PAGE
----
The real name of the judicial game is not the Supreme Court, but the federal judiciary

Earl O. Hutchinson | 10/27/2017, 6 a.m.

Appeals court judges take an oath to render the law fairly and impartially. They like to think that they do just that. There are few cases where an appeals court judge will take a position on a case that openly displays their partisan bias. Yet, they all hold political views, some very strong political views, and that inevitably colors how they interpret facts and testimony in a particular case. A judge can find a case law rationale for any ruling that he or she wants to make on a particular case that more often than not conforms to their political and ideological views.

GOP presidents egged on by conservative legal and public interest groups know this, Trump most of all. He did not need McConnell to remind him of the importance of stuffing the federal judiciary with as many hardline, strict constructionist judges as he can find. Democrats know this too. And since federal appeals court judges need not be confirmed with a 60-vote count, Democrats are outnumbered and outgunned with scarce weaponry in their arsenal to try and slow down the Trump and the GOP’s federal court packing scheme. Their one weapon, that has driven McConnell to rage and a determination to do something about it, is the use of the “blue slip.” With this, a Senator can block for a time the confirmation of a judicial nominee in their home state. If that weapon is taken away, then the floodgates are wide open for dozens of Trump’s picks and their almost certain swift confirmation.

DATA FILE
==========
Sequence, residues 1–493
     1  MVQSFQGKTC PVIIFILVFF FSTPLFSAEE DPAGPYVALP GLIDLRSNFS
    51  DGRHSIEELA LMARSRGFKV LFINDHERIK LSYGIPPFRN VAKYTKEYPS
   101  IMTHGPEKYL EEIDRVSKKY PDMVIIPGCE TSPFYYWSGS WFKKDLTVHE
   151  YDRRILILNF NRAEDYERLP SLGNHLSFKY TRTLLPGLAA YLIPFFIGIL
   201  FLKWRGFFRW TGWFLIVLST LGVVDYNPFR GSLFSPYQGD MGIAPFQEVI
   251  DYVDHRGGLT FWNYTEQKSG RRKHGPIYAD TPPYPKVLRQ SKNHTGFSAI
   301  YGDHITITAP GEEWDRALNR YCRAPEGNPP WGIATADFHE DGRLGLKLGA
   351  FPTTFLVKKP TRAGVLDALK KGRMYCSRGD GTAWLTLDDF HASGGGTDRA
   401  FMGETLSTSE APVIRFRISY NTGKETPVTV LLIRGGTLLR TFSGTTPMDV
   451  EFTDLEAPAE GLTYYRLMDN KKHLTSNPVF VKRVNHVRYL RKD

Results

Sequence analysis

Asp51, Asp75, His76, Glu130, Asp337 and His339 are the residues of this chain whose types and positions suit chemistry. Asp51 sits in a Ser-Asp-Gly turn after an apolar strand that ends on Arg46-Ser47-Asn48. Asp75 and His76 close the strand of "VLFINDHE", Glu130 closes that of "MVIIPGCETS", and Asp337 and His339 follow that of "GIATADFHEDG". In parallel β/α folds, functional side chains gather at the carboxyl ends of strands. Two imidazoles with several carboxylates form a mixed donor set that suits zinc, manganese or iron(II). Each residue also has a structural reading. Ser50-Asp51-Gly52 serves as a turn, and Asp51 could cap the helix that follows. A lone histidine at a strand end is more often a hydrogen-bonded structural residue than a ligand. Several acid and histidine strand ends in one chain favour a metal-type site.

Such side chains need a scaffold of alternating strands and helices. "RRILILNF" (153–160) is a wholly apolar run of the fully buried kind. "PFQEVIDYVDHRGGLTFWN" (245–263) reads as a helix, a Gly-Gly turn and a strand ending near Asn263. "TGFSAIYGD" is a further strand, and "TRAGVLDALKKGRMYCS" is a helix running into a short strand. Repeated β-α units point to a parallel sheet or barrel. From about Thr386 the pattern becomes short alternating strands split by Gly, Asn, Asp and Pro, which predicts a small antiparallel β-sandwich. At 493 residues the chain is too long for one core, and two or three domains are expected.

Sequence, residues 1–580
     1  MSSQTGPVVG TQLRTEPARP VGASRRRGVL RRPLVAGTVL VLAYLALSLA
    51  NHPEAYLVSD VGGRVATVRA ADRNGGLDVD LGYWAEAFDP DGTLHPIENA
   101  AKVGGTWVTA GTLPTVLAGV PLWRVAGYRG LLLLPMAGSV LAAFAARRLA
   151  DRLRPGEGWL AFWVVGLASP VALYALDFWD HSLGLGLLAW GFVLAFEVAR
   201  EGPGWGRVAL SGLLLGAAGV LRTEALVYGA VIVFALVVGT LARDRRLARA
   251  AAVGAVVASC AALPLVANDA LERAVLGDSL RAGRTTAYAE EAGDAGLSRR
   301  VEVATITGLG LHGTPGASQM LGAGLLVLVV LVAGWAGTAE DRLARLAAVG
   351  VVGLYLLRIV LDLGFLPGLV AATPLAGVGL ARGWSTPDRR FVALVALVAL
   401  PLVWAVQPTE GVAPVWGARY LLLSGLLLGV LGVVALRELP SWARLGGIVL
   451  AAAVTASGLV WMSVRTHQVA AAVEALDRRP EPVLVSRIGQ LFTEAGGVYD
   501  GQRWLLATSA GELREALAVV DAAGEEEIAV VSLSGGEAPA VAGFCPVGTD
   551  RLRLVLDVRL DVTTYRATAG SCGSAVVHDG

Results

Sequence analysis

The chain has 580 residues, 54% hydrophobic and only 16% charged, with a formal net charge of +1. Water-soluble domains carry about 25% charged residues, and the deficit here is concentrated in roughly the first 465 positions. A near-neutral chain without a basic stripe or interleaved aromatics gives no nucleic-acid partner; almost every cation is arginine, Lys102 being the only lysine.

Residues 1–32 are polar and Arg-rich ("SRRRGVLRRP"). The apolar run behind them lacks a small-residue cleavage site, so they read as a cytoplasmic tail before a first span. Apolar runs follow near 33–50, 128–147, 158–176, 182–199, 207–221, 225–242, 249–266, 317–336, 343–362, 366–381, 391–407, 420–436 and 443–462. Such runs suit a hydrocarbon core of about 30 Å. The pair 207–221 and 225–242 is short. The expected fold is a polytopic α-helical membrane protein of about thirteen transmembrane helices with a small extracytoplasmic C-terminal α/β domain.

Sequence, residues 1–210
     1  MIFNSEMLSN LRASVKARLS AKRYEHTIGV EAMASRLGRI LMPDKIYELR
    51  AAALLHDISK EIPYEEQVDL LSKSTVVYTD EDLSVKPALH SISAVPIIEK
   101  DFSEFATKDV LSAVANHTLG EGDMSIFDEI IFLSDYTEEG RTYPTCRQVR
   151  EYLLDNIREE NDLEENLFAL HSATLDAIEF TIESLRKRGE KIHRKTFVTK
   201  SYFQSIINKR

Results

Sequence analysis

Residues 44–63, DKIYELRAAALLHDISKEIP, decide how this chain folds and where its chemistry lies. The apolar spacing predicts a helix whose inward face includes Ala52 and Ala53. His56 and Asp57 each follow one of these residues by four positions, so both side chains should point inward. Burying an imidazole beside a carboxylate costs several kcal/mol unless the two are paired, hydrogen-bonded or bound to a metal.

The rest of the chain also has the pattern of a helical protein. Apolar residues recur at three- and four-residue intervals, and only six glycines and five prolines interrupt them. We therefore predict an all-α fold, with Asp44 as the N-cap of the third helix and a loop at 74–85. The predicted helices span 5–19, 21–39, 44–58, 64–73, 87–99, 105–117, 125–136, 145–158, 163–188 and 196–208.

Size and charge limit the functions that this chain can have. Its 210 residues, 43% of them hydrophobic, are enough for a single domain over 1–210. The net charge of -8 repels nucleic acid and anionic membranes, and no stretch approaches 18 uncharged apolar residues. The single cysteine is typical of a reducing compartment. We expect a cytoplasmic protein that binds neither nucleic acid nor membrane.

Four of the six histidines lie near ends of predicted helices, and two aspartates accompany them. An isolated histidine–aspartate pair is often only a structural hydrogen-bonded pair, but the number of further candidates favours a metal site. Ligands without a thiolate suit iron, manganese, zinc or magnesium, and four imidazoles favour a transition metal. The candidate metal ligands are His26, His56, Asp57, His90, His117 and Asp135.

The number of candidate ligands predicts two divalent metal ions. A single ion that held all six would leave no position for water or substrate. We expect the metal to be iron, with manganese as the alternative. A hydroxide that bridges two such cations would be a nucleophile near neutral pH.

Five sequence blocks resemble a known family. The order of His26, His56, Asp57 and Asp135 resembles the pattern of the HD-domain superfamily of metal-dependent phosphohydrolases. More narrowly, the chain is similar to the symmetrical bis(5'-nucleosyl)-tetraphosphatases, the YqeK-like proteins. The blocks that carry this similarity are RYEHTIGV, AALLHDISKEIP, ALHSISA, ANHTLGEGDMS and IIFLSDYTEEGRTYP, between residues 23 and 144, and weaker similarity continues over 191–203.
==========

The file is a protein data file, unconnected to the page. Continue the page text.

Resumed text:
They’d be there for life. They could do a total conservative remake of the federal bench. They would provide Trump or another GOP president with a large crop of hardline conservative legal guns to pick from for the next SCOTUS vacancy that fit the mold of his judicial heroes, Scalia and Thomas. It’s this scary prospect that makes the federal judiciary as important as the Supreme Court.

Earl Ofari Hutchinson is an author and political analyst.